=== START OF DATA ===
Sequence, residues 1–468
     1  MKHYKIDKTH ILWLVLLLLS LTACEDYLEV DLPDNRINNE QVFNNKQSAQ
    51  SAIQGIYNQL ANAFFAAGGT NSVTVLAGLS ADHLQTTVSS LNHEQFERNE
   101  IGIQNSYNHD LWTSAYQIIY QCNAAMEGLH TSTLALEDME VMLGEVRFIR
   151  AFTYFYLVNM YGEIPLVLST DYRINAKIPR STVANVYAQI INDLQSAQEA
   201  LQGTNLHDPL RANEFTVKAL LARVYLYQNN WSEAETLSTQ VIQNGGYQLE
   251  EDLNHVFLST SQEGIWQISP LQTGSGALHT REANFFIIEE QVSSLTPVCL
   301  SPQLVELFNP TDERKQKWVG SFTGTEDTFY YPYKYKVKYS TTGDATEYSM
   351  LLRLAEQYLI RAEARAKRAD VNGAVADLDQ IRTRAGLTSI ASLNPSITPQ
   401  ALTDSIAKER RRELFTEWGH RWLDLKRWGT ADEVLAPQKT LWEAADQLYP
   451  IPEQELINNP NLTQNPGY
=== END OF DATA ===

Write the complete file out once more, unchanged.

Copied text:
Sequence, residues 1–468
     1  MKHYKIDKTH ILWLVLLLLS LTACEDYLEV DLPDNRINNE QVFNNKQSAQ
    51  SAIQGIYNQL ANAFFAAGGT NSVTVLAGLS ADHLQTTVSS LNHEQFERNE
   101  IGIQNSYNHD LWTSAYQIIY QCNAAMEGLH TSTLALEDME VMLGEVRFIR
   151  AFTYFYLVNM YGEIPLVLST DYRINAKIPR STVANVYAQI INDLQSAQEA
   201  LQGTNLHDPL RANEFTVKAL LARVYLYQNN WSEAETLSTQ VIQNGGYQLE
   251  EDLNHVFLST SQEGIWQISP LQTGSGALHT REANFFIIEE QVSSLTPVCL
   301  SPQLVELFNP TDERKQKWVG SFTGTEDTFY YPYKYKVKYS TTGDATEYSM
   351  LLRLAEQYLI RAEARAKRAD VNGAVADLDQ IRTRAGLTSI ASLNPSITPQ
   401  ALTDSIAKER RRELFTEWGH RWLDLKRWGT ADEVLAPQKT LWEAADQLYP
   451  IPEQELINNP NLTQNPGY